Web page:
Depression Increases Risk for Psoriatic Arthritis in Patients with Psoriasis
According to a new study, depression was associated with an increased the risk of psoriatic arthritis (PsA) in patients with psoriasis.
After recent studies demonstrated an association between systemic inflammation and depression, the researchers hypothesized that major depressive disorder would increase the risk for PsA in patients with psoriasis.
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Researchers identified 73,447 patients with psoriasis using the Health Improvement Network, and followed up with patients for 25 years or until they developed PsA. Incidences of depression were documented, and cox-proportional hazards models were used to examine the association between depression and PsA.
Their findings showed that patients with psoriasis who developed depression had a significantly higher risk for developing PsA compared to patients without depression. The association between depression and PsA in patients with psoriasis remained high even after researchers accounted for numerous covariates and performed sensitivity analyses.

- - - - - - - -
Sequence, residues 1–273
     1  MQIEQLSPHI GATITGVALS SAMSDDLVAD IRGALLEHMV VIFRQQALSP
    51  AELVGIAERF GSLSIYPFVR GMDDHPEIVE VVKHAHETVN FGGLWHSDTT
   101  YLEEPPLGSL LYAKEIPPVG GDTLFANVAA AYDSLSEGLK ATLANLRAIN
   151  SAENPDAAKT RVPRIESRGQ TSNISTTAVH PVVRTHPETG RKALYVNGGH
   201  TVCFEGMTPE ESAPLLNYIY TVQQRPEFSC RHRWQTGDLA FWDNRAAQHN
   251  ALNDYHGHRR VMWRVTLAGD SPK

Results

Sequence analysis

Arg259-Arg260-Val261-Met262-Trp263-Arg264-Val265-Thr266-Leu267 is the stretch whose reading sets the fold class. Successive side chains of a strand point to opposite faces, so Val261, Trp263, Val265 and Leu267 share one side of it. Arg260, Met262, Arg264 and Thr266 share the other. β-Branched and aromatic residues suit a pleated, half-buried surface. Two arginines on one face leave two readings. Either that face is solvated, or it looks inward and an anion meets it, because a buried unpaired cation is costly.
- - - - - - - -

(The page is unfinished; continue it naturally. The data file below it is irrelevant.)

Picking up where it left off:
“This study highlights important considerations for clinicians, who should exercise heightened awareness and primary prevention strategies for [major depressive disorder] among patients with psoriasis, as [major depressive disorder] appears to significantly increase the risk of developing PsA,” the researchers concluded.
Lewinson RT, Vallerand IA, Lowerison MW, et al. Depression is associated with an increased risk of psoriatic arthritis among patients with psoriasis: a population-based study [published online February 22, 2017]. JID. doi:http://dx.doi.org/10.1016/j.jid.2016.11.032.